Chocolate makers have come under fire for using unnecessary packaging on seasonal promotions, especially Easter eggs. For this reason, Nestle decided last year to target the packaging of seasonal chocolate products, said a company spokesperson.
The latest move in the packaging project involves the removal of plastic inserts from its Christmas selection boxes. The plastic inserts had held the chocolate bars in place and have now been replaced by a card presentation tray, making the boxes easily recyclable.
The wrappers for the bars themselves are not suitable for recycling but consumers will be able to recycle the empty boxes once they have polished off the chocolates this Christmas.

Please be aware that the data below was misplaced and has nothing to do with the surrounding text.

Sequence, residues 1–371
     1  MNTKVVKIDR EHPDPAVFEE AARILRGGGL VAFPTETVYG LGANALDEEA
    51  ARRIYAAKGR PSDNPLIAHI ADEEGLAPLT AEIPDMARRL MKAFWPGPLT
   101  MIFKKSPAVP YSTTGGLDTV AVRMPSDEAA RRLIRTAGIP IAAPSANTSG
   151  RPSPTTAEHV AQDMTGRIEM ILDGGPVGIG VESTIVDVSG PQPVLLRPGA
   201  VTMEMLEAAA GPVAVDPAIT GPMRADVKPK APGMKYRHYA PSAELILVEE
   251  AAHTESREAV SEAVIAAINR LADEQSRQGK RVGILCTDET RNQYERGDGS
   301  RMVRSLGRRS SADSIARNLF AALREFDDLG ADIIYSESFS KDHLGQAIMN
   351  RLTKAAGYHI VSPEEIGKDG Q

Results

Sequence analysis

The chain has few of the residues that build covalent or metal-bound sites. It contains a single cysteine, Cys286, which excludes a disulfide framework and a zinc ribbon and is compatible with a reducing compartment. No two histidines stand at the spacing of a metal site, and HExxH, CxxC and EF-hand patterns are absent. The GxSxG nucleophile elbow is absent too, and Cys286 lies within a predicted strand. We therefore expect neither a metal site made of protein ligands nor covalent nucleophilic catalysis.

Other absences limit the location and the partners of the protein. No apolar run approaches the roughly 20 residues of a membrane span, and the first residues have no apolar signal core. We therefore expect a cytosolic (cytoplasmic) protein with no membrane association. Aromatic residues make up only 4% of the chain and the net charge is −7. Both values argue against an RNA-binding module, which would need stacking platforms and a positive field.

Making packaging more suitable for recycling is accompanied by efforts to reduce excess bulk. Last year, Nestle reduced the size of Christmas selection boxes by 40 per cent and now the company has shaved off a further 17 and 20 per cent respectively off the weight of medium and large selection boxes.
Nestle said it will save almost 200 tonnes of packaging this year compared to 2009.
Besides the Christmas selection boxes, Nestle has also been working to improve the sustainable credentials of its Easter packaging. This year the company removed plastic packaging from 80 per cent of its Easter eggs, saving 400 tonnes of packaging.
“For both Easter and Christmas the challenge has been to reduce packaging, while ensuring that the product arrives at the retailer in perfect condition and, most importantly, that it looks great,” said Andy McQuade, seasonal marketing manager, Nestle Confectionery.
“We are really pleased that we’ve been able to find innovative solutions that have met these objectives and have proved immensely popular with our customers and consumers alike.”